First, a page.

For over a decade, Andy Adams has used his website and social media channels FlakPhoto to bring together photographers from around the globe.
He had a harder time trying to bring photographers in Wisconsin together.
“I have done a lot over the years using social media to organize communities of photographers on the web,” Adams said. “And for a long time I thought there wasn’t a community of photographers in Madison.”
But that notion changed when Adams curated a print show for the Madison Central Library’s Bubbler, and he got a huge response. There were lots of photographers and photo enthusiasts in the region – it was just that nobody was bringing them together.
Adams dreams of someday organizing a Wisconsin Photo Festival to go along with the Wisconsin Film Festival and Wisconsin Book Festival. A small but significant step towards that day is the “New Midwest Photography” show that Adams has curated for the James Watrous Gallery, 201 State St.
The exhibit, featuring the work of 10 Midwest photographers, five men and five women, opens Friday, Sept. 7 at 5 p.m. at the gallery. That’s followed at 7 p.m. by a Wisconsin Book Festival-sponsored talk about photobooks with one of the exhibit’s 10 photographers, Barry Phipps, at the Madison Public Library’s Central branch, 315 W. Mifflin St. And at 8:30 p.m., Adams is throwing a “Midwest Art Party” at the Corral Room, 116 S. Hamilton St.
Adams refers to the night as a photography “micro-festival,” and the exhibit at James Watrous runs through Oct. 28. Adams likened the exhibit to a “compilation CD” featuring a variety of Midwestern photographers doing different work.
“It’s really about celebrating this place,” he said. “I take a lot of pride in Wisconsin. It’s a way to show you who’s who around these parts and what they’re doing.”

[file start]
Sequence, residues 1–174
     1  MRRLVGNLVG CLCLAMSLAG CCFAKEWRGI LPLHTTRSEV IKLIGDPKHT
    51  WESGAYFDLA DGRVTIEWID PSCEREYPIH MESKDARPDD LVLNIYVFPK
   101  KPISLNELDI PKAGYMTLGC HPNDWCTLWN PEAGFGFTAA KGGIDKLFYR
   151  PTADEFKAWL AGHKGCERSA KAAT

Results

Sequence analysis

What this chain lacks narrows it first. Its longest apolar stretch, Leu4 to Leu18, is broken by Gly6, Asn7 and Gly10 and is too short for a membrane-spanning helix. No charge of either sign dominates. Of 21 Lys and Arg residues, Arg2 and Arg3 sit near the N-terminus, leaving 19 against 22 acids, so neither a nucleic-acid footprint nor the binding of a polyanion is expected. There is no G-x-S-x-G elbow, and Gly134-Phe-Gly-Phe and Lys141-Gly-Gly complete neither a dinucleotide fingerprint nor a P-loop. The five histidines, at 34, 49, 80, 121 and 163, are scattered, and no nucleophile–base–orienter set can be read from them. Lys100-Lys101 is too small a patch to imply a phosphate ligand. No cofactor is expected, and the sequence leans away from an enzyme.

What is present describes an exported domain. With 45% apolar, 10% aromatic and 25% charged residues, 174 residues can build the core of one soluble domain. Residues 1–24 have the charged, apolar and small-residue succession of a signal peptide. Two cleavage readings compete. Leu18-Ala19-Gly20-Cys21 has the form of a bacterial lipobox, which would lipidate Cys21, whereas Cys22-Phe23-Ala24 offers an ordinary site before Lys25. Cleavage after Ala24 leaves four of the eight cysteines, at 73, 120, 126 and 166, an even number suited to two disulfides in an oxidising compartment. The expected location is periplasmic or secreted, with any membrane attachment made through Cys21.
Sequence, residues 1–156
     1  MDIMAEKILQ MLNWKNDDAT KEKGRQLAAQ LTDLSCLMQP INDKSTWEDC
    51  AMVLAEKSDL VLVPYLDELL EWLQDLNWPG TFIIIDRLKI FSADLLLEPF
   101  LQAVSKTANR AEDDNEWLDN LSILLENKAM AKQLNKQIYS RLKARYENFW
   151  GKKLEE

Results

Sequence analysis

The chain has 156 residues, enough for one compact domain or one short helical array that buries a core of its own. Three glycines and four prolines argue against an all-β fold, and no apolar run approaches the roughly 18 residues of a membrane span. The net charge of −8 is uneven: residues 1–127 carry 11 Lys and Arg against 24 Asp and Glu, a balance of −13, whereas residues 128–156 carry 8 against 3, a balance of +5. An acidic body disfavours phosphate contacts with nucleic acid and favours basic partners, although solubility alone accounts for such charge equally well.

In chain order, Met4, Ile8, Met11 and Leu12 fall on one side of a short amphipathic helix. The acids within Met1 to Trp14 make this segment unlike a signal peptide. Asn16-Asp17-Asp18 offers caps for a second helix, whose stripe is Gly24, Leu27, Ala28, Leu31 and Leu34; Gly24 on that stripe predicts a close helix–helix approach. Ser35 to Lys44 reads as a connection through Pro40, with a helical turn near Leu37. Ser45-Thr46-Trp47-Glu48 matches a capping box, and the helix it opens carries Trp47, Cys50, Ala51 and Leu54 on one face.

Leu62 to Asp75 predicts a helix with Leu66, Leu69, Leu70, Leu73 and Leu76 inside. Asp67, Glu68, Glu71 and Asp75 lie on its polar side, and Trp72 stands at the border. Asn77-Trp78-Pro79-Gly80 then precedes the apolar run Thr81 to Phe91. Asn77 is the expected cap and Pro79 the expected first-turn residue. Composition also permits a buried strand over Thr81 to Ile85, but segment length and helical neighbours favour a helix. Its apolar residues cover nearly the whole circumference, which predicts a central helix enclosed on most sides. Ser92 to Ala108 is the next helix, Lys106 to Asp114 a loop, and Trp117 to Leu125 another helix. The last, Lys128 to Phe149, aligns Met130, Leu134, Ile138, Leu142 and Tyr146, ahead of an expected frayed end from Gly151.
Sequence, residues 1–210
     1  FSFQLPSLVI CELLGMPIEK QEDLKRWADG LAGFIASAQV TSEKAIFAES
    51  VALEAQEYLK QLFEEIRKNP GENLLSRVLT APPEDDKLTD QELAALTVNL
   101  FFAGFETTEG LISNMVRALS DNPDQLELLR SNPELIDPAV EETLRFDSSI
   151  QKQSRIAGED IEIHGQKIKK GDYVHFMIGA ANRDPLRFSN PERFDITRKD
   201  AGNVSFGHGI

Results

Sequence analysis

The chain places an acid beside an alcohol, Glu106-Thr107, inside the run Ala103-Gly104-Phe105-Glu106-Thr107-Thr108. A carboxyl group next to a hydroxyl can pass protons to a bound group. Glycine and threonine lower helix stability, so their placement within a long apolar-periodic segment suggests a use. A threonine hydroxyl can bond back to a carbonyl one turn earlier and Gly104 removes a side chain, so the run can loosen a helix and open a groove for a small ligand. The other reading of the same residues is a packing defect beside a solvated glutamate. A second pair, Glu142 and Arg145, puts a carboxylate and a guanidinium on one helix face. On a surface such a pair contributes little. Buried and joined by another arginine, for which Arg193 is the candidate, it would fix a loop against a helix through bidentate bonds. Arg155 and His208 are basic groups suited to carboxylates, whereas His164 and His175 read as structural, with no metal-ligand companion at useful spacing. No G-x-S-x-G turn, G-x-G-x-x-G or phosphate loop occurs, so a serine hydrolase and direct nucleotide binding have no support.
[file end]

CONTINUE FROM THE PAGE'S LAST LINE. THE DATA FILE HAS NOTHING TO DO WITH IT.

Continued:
While the photos don’t have an overtly Midwestern theme, many of them do end up documenting the region and its sensibilities in some way.
“The kinds of photography that I’m interested in are documentary or documentary-style, things that reflect the real world,” Adams said. “As it happens, a lot of the photography is personal storytelling about the photographers living where they are. Most of the work in the show actually does depict Midwestern places.”
The 10 photographers featured – the Iowa City-based Phipps, Jess T. Dugan of St. Louis, Dave Jordano and Clarissa Bonet of Chicago, Jason Vaughn and Jon Horvath of Milwaukee, Julie Renee Jones of Dayton, Ohio, Tytia Habing of Watson, Illinois, Nathan Pearce of Fairfield, Illinois, and Lindley Warren Mickunas of Des Moines – are all active on sharing their photos through Instagram.
Adams primarily works in the digital space as well, but said there’s a potency to seeing prints of photos in a gallery.
“For me it’s a very social experience,” he said. “That’s actually what I’ve tried to organize with this night of photography, this micro-festival, to create reasons for people that care about pictures to come together and do it.”